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“Light drives development!”: Electricity supply to Sèmè-Kpodji in Benin means Fatima Hounkanrin can keep her shop open till late at night

todayJuly 4, 2024 4

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Night has fallen on Sèmè-Kpodji, a lively town on the shores of the Atlantic Ocean, in south-east Benin. Many of the city’s residents are still busy working, including Fatima Hounkanrin, 30, who runs a small shop selling tomatoes, pepper, soap, drinks and other household goods. Thanks to new street-lighting in the area, she’s able to keep the shop open well past dusk.

“Before, there was no lighting in the area, and we used to close when night fell. Now that we have electricity, it helps, and we’re very pleased. We can stay open until late at night,” the delighted woman says. “We’re genuinely grateful to our benefactors for what they are doing for us. There are places that haven’t yet benefited from the project, so we ask you to think of them, because light drives development.”

Bertrand Éric Lokossou, another resident of Sèmè-Kpodji, is just as excited. “Officials from the electricity company came to talk to us a few days ago. They told us that there was a project underway and that they were going to supply us with electricity,” he says. “It was finished not long afterwards, and we’re all very pleased. We’d like to thank the donors for the happiness they’ve brought us.”

He adds that requests for the installation of new electricity meters are processed speedily. “It’s good progress and we’re very happy about it.”

Martine Padonou and her family depended on stoves and solar lamps for many years. Electricity supply was sporadic, and usually of low quality. Connection costs were also beyond reach. “We had to ask one of our distant neighbours to share his supply with us because we couldn’t afford the connection. It wasn’t easy at all,” she says. “There were frequent brownouts and almost constant power cuts, to the point where the elderly lady who lives with me hit her head one day following a power cut. She was very ill and it cost a lot of money to look after her. Fortunately, the electrification project thought of us and now we have a permanent supply with our own meter. Thanks be to God.”

Fatima, Éric and Martine are among the first beneficiaries of the Electricity Corporation of Benin Sub-Transmission and Distribution System Restructuring and Extension Project, funded by a loan of USD 9.08 million and a donation of USD 7.28 million from the African Development Bank Group’s African Development Fund (ADF), as well as a loan of USD 17.79 million from the French Development Agency. The government of Benin also contributed USD 3.68 million through the Electricity Corporation of Benin, the public corporation responsible for producing, distributing, and selling electricity in Benin.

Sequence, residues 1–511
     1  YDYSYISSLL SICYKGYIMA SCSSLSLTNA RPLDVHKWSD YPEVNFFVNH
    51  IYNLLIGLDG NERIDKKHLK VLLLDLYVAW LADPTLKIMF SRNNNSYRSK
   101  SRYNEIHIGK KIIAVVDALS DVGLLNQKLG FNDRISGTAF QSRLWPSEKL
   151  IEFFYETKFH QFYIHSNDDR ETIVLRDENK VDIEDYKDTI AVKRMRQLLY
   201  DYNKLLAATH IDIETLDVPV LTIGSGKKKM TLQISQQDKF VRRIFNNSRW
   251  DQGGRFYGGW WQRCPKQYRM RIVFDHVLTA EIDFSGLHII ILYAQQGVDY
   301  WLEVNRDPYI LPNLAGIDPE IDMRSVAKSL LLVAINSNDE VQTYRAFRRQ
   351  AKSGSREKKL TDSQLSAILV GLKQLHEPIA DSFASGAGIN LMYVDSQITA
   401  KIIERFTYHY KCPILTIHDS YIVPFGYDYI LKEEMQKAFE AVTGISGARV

Launched in 2018 and scheduled to be completed in late 2024, the project aims to increase access to electricity in 13 cities in the Republic of Benin, including the country’s two main cities of Cotonou and Porto-Novo, and surrounding areas, and other cities such as Abomey, Bohicon and Lokossa.

A second goal is to improve the quality of electricity supply and reduce energy wastage – estimated at 23 percent in 2015 – in the Electricity Corporation of Benin’s sub-transmission networks.

By March 2024, the project had seen the installation of about 1,545 high-voltage and 1,378 low-voltage poles. Works to improve the existing 63/15 kV substations in Akpakpa have also been completed, along with the construction of power lines in Gbégamey and Cotonou, and 63 kV substations in Lokossa-Hagoumey.

The project has also worked on strengthening and extending the high-voltage/low-voltage distribution lines in Cotonou, Sèmè-Kpodji, Porto-Novo and Akpro-Missérété (tranche 1) and in Lokossa, Dogbo, Toviklin, Djakotomey, Klouékanmè, Abomey, Bohicon and Zogbodomey (tranche 2).

Vissi Arnaud Adikpeto, the project coordinator, explains, “In time, the project will provide reliable electricity supply to the residents of the 13 cities and their surrounding areas, including to schools, health centres, and commercial and industrial businesses. In the medium term, the work will mean that the Electricity Corporation of Benin has 40,000 additional new subscribers, including at least 51 percent women.”

On the status of the project, Éric Prégnon, project manager at the African Development Bank, says: “The civil engineering works on the sub-stations are complete. All the foreign manufacturing equipment is ready, the factory tests are done, and the equipment has been received on site. Once the substations are operational, and the rest of the poles and the meters have been installed, the project will have achieved its objective.”

Distributed by APO Group on behalf of African Development Bank Group (AfDB).

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About the ADF:
The African Development Fund (ADF) is the concessional window of the African Development Bank (AfDB) Group. Established in 1972, and operational since 1974, the Fund contributes to economic and social development in the least developed African countries by providing concessional funding for projects and programs, as well as technical assistance for studies and capacity-building activities.

About the African Development Bank Group: 
The African Development Bank Group (AfDB) is the premier multilateral financing institution dedicated to Africa’s development. It comprises three distinct entities: the African Development Bank (AfDB), the African Development Fund (ADF) and the Nigeria Trust Fund (NSF). The AfDB has a field presence in 41 African countries, with an external office in Japan, and contributes to the economic development and social progress of its 54 regional member states. For more information:


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